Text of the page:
Speech by Lim Kit Siang at the DAPSY Public Forum on “DNA Identification Bill – Are We Ready” at the Kuala Lumpur-Selangor Chinese Assembly Hall on Wednesday, 12th November 2008 at 9 pm: 

I will propose on Dec. 8 that the DNA Identification Bill be referred to an all-party Select Committee to graft adequate safeguards to prevent police abuses and protect human rights, in particular the right to privacy

I will propose on December 8, when Parliament resumes debate on government bills after passing the 2009 Budget, a motion to refer the DNA Identification Bill - given second-reading passage on August 28 – to an all-party Select Committee to graft adequate safeguards to prevent police abuses and to protect human rights, in particular the right to privacy of Malaysians.

The country needs a DNA law to nab the guilty in crime and exonerate the innocent and there should be a healthy national debate on how Malaysia can have the best and most efficient DNA legislation in the world from the perspectives of science, criminology and human rights, learning the experience of other countries with DNA laws.

In Malaysia, however, public debate on the DNA Identification Bill has been overshadowed by grave concerns that it could be used as an instrument of political victimization and repression.

As Malaysia is suffering from an acute multiple crisis of confidence in key institutions of governance (never before in the nation’s history have police reports been lodged against the Attorney-General, the Inspector-General of Police and very soon the Chief Justice), it is beholden on the government to ensure that the DNA Identification Bill can secure the support of all sectors of society and not become a controversial subject of distrust and division among Malaysians.

This can be achieved if the DNA Identification Bill is the result of a fully consultative process involving all political parties and all sectors of society.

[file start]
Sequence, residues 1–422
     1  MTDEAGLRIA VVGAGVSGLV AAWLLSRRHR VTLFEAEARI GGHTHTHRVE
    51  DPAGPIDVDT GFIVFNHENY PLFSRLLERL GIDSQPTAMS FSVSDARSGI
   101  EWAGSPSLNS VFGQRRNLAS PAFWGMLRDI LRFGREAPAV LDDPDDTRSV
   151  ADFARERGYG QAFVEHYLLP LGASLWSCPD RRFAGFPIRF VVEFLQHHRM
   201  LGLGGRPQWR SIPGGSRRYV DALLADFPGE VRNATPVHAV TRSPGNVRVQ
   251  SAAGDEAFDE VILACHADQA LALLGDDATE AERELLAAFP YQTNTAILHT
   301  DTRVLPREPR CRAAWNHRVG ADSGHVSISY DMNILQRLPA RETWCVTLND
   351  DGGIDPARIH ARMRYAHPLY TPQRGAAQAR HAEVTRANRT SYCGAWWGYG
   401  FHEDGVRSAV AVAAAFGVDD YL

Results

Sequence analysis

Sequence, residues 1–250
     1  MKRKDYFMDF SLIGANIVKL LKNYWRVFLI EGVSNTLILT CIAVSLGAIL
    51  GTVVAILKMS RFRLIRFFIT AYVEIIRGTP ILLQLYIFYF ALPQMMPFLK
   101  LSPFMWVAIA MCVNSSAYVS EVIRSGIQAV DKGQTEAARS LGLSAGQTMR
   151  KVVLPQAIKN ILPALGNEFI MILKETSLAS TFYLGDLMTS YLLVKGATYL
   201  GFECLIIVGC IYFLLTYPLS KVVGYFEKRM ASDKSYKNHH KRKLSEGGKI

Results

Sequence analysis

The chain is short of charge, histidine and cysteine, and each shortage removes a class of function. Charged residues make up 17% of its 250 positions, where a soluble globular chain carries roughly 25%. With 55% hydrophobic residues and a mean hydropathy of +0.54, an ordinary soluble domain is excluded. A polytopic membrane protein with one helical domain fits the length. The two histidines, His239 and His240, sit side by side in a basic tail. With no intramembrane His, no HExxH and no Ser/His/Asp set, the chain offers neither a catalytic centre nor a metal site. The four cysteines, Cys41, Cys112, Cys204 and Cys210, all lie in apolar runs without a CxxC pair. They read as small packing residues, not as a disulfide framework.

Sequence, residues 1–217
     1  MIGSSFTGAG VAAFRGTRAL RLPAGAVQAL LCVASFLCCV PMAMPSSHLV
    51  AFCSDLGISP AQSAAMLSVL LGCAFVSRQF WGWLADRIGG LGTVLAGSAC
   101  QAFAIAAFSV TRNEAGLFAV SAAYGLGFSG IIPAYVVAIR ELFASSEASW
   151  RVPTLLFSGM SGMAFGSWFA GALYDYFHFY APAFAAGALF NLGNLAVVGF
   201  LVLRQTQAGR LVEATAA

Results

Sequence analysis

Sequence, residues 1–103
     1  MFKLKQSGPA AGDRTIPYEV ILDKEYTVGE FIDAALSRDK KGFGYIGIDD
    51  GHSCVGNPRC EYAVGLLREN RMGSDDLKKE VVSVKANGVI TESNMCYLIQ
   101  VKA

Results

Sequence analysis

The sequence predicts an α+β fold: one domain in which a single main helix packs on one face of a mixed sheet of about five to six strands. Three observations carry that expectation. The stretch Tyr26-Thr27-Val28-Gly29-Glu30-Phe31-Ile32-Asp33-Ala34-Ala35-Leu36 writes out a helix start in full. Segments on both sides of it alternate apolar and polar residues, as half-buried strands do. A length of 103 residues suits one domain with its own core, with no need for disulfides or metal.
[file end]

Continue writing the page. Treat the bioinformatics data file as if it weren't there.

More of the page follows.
This is why the DNA Bill, after its second reading, should be referred to an all-party Parliamentary Select Committee to graft adequate safeguards to prevent police abuses and protect the human rights of Malaysians, particularly the right to privacy.

The DNA Identification Bill is a sloppily drafted bill (in one instance referring to a proposed section that does not exist) which has failed to take into consideration the important principles of efficiency, accountability, transparency, good governance, human rights and the rule of law.

At a time when public confidence in the police is at an all-time low, (aggravated by the continued police objection to the establishment of an Independent Police Complaints and Misconduct Commission – IPCMC – as proposed by the Royal Police Commission to create an efficient, incorruptible, professional world-class police service), what justification is there for proposals that stipulate that both the head and deputy head of the DNB Databank must be police officers, giving the police the power to “use all means necessary” to compulsorily take non-intimate DNA samples, with the information from the DNA Databank “conclusive proof” and not challengeable in any court of law.

Something is very wrong if the Barisan Nasional government is not prepared to do anything to ensure that the DNA Identification Bill ceases to be a controversial and divisive piece of legislation but can have adequate safeguards to answer all legitimate concerns and reservations.

For this reason, I hope that both the Cabinet and BN MPs would rise above party politics and support the reference of the DNA Identification Bill to a Select Committee to come out with an accerptable DNA legislation, as well as an accompanying Data Protection Bill which I had been asking in Parliament in the past two decades.

* Lim Kit Siang,  DAP Parliamentary leader & MP for Ipoh Timor